Insulin-like growth factor-1 rescues synaptic and motor deficits in a mouse model of autism and developmental delay

Ozlem Bozdagi, Teresa Tavassoli, Joseph D. Buxbaum

Research output: Contribution to journalArticlepeer-review

143 Scopus citations

Abstract

Background: Haploinsufficiency of SHANK3, due to either hemizygous gene deletion (termed 22q13 deletion syndrome or Phelan-McDermid syndrome) or to gene mutation, accounts for about 0.5% of the cases of autism spectrum disorder (ASD) and/or developmental delay, and there is evidence for a wider role for SHANK3 and glutamate signaling abnormalities in ASD and related conditions. Therapeutic approaches that reverse deficits in SHANK3-haploinsufficiency may therefore be broadly beneficial in ASD and in developmental delay. Findings. We observed that daily intraperitoneal injections of human insulin-like growth factor 1 (IGF-1) over a 2-week period reversed deficits in hippocampal α-amino-3-hydroxy-5-methyl-4-isoxazolepropionic acid (AMPA) signaling, long-term potentiation (LTP), and motor performance that we had previously reported in Shank3-deficient mice. Positive effects were observed with an IGF-1 peptide derivative as well. Conclusions: We observed significant beneficial effects of IGF-1 in a mouse model of ASD and of developmental delay. Studies in mouse and human neuronal models of Rett syndrome also show benefits with IGF-1, raising the possibility that this compound may have benefits broadly in ASD and related conditions, even with differing molecular etiology. Given the extensive safety data for IGF-1 in children with short stature due to primary IGF-1 deficiency, IGF-1 is an attractive candidate for controlled clinical trials in SHANK3-deficiency and in ASD.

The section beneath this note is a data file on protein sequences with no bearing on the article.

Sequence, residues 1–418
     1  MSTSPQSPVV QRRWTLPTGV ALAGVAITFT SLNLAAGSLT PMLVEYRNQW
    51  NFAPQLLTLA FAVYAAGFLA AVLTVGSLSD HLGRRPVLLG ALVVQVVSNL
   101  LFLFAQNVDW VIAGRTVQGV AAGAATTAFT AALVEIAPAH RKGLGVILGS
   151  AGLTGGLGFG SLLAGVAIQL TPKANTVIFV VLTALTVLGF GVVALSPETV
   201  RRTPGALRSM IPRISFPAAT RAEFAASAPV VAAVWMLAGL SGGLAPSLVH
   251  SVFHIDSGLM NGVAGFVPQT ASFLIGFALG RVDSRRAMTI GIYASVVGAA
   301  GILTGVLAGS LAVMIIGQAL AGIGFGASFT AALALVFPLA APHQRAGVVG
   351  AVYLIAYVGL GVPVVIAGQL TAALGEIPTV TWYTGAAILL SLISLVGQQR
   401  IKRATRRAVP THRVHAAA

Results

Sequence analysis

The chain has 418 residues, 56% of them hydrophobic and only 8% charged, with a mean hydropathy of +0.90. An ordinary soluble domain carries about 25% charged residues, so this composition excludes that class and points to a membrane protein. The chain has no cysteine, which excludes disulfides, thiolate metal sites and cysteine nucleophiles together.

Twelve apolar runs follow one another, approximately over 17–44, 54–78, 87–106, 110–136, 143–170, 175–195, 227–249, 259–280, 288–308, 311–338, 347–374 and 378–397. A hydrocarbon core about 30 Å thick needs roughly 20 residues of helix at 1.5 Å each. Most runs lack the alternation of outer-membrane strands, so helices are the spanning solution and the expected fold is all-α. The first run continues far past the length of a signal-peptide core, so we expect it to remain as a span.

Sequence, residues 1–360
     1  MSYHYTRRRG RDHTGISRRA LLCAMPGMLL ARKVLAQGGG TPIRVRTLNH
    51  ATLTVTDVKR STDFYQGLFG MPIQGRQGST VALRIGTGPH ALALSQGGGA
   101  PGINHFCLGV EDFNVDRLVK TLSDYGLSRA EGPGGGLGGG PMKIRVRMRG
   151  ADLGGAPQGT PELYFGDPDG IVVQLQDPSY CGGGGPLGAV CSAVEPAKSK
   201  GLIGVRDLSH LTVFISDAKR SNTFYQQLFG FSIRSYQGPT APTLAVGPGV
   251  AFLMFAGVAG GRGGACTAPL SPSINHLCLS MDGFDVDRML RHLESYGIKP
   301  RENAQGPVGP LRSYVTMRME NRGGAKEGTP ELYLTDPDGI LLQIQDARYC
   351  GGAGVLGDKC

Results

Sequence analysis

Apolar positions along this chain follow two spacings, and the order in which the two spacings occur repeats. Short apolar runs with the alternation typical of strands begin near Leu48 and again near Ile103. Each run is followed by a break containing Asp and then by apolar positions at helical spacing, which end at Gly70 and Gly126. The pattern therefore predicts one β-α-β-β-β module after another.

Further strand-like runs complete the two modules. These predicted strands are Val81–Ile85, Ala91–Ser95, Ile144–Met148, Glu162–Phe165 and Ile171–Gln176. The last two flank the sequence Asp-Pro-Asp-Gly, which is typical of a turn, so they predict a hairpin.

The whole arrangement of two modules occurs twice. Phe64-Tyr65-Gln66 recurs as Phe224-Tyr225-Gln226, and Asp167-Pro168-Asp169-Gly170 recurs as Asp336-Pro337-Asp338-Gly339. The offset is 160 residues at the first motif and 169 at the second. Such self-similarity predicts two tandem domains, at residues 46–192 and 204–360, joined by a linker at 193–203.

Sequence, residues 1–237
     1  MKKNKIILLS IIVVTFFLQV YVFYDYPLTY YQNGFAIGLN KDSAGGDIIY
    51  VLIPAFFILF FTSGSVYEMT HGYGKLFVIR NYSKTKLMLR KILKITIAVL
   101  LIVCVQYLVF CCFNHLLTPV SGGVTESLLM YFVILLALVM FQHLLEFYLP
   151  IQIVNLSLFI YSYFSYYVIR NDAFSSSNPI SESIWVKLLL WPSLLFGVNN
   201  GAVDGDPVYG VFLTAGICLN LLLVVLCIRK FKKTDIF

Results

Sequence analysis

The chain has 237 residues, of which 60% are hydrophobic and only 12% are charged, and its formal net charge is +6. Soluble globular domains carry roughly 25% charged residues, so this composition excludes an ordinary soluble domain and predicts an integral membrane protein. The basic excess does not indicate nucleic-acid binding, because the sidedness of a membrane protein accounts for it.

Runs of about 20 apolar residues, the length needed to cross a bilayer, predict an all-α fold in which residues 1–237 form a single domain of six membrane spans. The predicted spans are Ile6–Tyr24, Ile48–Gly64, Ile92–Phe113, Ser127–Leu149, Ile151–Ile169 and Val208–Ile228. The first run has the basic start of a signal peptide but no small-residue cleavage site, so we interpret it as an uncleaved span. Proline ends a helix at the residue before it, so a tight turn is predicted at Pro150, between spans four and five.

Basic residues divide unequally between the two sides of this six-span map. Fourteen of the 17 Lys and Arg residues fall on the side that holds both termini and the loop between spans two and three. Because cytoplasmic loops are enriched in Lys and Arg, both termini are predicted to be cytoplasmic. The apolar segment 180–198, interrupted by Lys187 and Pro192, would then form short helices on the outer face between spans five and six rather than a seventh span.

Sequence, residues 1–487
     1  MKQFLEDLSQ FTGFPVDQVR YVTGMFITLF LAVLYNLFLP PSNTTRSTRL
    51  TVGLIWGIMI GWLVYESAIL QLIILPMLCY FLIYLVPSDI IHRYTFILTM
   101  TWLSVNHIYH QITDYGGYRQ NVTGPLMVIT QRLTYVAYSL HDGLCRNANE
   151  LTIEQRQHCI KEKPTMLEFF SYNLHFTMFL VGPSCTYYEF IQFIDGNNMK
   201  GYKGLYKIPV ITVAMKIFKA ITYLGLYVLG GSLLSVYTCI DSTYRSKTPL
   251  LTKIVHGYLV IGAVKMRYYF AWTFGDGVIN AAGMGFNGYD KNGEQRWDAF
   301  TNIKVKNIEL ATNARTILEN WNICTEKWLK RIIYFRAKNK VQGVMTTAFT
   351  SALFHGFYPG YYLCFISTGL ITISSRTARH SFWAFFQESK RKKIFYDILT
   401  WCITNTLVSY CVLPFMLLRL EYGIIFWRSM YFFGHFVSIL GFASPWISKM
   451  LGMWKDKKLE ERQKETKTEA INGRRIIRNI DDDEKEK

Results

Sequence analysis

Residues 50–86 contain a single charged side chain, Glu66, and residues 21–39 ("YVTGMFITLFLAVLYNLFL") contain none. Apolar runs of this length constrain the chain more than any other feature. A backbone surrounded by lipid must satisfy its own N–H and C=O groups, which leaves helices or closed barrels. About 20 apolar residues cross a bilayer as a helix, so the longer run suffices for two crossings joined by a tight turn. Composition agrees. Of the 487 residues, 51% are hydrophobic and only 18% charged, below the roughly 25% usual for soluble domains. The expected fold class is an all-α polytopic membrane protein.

Original languageEnglish (US)
Article number9
JournalMolecular Autism
Volume4
Issue number1
DOIs
StatePublished - 2013
Externally publishedYes

All Science Journal Classification (ASJC) codes

  • Molecular Biology
  • Developmental Neuroscience
  • Developmental Biology
  • Psychiatry and Mental health

Keywords

  • 22q13 deletion syndrome
  • Individualized medicine
  • Personalized medicine
  • Pharmacotherapy
  • Phelan-McDermid syndrome

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